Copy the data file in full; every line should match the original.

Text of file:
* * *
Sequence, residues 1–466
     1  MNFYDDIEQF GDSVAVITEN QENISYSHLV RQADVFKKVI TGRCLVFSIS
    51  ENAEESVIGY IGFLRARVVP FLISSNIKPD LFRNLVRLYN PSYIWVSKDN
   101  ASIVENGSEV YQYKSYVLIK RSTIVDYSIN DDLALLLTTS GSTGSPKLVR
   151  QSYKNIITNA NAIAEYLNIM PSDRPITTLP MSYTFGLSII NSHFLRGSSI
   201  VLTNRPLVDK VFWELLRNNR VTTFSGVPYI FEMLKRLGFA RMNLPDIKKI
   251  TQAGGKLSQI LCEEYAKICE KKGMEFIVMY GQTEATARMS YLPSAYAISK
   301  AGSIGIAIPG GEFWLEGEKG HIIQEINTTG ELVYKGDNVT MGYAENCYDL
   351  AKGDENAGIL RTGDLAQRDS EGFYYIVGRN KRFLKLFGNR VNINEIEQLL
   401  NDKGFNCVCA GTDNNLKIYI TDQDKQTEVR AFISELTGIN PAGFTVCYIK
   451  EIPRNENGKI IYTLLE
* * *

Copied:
Sequence, residues 1–466
     1  MNFYDDIEQF GDSVAVITEN QENISYSHLV RQADVFKKVI TGRCLVFSIS
    51  ENAEESVIGY IGFLRARVVP FLISSNIKPD LFRNLVRLYN PSYIWVSKDN
   101  ASIVENGSEV YQYKSYVLIK RSTIVDYSIN DDLALLLTTS GSTGSPKLVR
   151  QSYKNIITNA NAIAEYLNIM PSDRPITTLP MSYTFGLSII NSHFLRGSSI
   201  VLTNRPLVDK VFWELLRNNR VTTFSGVPYI FEMLKRLGFA RMNLPDIKKI
   251  TQAGGKLSQI LCEEYAKICE KKGMEFIVMY GQTEATARMS YLPSAYAISK
   301  AGSIGIAIPG GEFWLEGEKG HIIQEINTTG ELVYKGDNVT MGYAENCYDL
   351  AKGDENAGIL RTGDLAQRDS EGFYYIVGRN KRFLKLFGNR VNINEIEQLL
   401  NDKGFNCVCA GTDNNLKIYI TDQDKQTEVR AFISELTGIN PAGFTVCYIK
   451  EIPRNENGKI IYTLLE